Local video-posting, gum-chewing, entitled employer--are you getting this? Multiple offers in New York. Wanted more of a challenge. That is not entitled. That is talent and work ethic.

Later last week two alumna who had driven up from Chicago at the invitation of a colleague who advises our PRSSA chapter made a visit to one of my classes. They both told their stories of networking, working for low pay or a post-graduate internship, staying humble, doing whatever task was thrown at them. Today, a year out of college, they are both happy and working at an international PR firm and a digital agency in Chicago.

There was a time any of these alumni might have worked  for low pay and benefits  for the chance to gain experience with a Grand Rapids start-up. But they did that elsewhere. They have been there and done that. They have their own stories to tell, even if they don't post gum-chewing videos. They were snatched up by employers in New York and Chicago, or they are staying put at their current Grand Rapids employer.

They know the employers to pursue, and the ones to avoid. The latter are the entitled ones.

Monday, January 16, 2017

What's Old is New Again: PR News Bureaus

I was glancing through the Grand Rapids Business Journal's 2017 "Book of Lists," jumping to the advertising and public relations section of course, and read a short article in that section in which a particular sentence jumped out at me:

"In recent years, many PR firms have created in-house news bureaus to aid in getting their stories told." The GRBJ subsequently explained that these news bureaus allow firms to pitch fully packaged news stories versus just a pitch to an editor who has to decide whether to invest time and resources to cover the story.

This is why this jumped out at me: I am currently re-reading Stewart Ewan's "PR! The Social History of Spin". Ewan recounts how AT&T, in the early 1900s, was being innovative by employing a mix of paid advertising and "packaged news items". This activity was formalized in AT&Ts Information Department, later renamed, wait for it, the Public Relations Bureau.

In other words, what the GRBJ states is a phenomenon of "recent years" among PR firms was actually done a century ago by major corporations.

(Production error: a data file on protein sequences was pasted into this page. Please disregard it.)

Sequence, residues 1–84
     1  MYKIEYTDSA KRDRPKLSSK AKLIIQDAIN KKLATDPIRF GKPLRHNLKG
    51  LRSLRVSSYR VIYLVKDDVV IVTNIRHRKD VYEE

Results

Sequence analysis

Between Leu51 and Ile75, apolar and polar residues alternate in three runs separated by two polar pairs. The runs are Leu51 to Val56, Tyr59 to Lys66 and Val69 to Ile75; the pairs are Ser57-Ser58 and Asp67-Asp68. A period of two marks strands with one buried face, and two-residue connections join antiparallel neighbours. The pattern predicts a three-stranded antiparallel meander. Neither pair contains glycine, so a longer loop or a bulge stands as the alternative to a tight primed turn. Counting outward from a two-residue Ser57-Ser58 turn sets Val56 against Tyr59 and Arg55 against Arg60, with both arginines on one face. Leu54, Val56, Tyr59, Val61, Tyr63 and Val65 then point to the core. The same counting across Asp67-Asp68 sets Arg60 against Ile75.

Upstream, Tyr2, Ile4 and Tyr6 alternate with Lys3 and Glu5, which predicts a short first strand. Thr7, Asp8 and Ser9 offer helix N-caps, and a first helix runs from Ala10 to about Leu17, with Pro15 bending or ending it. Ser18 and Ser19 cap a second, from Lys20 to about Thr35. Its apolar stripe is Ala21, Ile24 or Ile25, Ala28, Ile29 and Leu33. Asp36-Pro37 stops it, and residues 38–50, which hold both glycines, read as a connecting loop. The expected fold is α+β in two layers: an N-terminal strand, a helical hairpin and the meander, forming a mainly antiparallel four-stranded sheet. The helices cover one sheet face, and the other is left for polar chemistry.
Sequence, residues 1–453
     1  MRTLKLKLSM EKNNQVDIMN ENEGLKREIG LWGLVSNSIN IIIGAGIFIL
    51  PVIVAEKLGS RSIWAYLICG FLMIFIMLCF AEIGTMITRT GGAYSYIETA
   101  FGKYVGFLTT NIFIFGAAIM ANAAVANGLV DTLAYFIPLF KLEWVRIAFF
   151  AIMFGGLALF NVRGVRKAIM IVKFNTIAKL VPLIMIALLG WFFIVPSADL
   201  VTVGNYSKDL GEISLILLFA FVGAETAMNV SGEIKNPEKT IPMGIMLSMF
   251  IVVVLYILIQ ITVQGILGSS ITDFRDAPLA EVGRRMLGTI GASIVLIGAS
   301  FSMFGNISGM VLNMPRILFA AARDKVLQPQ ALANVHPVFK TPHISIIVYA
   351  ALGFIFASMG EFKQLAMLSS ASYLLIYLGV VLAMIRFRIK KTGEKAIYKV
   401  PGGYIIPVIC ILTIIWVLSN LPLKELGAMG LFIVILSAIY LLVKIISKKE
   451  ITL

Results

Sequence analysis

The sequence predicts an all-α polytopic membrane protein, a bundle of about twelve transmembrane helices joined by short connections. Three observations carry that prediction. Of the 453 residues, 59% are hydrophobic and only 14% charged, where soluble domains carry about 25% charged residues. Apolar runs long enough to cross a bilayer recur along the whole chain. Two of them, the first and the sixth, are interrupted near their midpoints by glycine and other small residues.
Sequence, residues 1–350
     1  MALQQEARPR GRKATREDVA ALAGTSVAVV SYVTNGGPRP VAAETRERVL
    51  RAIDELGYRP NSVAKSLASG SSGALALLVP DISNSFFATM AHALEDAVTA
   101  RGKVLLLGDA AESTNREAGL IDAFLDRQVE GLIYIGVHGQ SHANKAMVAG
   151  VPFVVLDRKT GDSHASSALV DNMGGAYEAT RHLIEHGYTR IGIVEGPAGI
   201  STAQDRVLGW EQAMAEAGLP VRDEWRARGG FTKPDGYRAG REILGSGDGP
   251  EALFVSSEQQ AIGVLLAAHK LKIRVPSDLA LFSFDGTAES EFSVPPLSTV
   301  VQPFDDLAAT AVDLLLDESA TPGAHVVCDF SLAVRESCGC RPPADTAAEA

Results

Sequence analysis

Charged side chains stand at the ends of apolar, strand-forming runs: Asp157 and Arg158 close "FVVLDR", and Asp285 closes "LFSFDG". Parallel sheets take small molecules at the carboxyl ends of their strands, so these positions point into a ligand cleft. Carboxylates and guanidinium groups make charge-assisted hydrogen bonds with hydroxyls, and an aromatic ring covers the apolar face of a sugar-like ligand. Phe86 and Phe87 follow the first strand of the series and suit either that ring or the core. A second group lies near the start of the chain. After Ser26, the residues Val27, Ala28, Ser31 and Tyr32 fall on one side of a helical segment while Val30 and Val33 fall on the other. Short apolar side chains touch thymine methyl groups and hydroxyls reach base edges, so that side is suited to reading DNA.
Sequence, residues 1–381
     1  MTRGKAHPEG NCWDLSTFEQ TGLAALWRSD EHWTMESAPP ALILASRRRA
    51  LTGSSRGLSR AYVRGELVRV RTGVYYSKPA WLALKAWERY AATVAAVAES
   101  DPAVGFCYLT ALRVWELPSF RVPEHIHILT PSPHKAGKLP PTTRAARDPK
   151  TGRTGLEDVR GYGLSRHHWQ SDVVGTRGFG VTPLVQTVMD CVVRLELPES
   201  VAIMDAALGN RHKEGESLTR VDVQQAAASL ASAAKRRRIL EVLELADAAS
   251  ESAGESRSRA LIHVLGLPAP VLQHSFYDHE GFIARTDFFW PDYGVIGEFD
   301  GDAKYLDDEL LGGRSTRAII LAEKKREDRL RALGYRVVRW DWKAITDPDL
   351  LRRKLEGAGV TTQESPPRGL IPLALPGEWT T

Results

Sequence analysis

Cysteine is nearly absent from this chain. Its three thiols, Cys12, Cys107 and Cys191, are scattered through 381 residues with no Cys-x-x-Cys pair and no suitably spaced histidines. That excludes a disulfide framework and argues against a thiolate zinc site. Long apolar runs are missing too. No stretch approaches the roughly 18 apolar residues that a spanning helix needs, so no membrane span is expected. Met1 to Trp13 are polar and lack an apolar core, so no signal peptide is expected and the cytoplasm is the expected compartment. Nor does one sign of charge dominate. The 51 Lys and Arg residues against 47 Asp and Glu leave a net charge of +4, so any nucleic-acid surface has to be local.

What's interesting to me is why this aspect of PR history is considered "new" again. It has to do in my opinion with the media landscape. In the early 1900s there was an surge in "new" media that coincided with increasing leisure and reading time of an expanding literate public. Publishers needed information to feed their growing audiences, not unlike the call for "content" today. TIME Magazine was founded in 1923 and by two twenty-something Yale grads who proclaimed that people needed a "news weekly" to make sense of all the overwhelming volume of information. Radio came onto the scene in 1919 with a first commercial radio station, and by the end of the decade there were radios in many homes.

These days, with the proliferation of digital content and the shrinking resources of journalism, some packaged content also looks welcome.

But we also have to be careful in the current era of sponsored content and fake news that we PR professionals are honest in our presentation of news whether via earned or owned media. This reminds me of a little bit of "the rest of the story" as Paul Harvey would say.

In 1927 a man named Arthur Page became AT&Ts Vice President of Public Relations. He's a PR hero of mine because he used the term public relations, not "press agent" or "publicity man," and because he was at the vice president level of the largest corporation at the time.

But he should also be heroic to all of us for how he practiced PR. For one, he noted by the late 1920s that he didn't do press releases and publicity much anymore, but counseled management on their relationship with their publics. Yes--that is the essence of PR, not getting publicity.

Page is also heroic for his principles of practice codified subsequently and encouraged currently by the Arthur Page Society. The first two are my favorites: tell the truth, and prove it with action. They serve as good reminders in any era of PR, and especially now when digital media offers opportunity but also temptation to be less than ethical in our communication.

So even as PR practices like news bureaus are both as old as silent films and as new as Snapchat, there are principles that remain timeless. I continue to embrace and encourage innovation in our field of public relations, but also a mindfulness of our history and our responsibility to be ethical in our practice.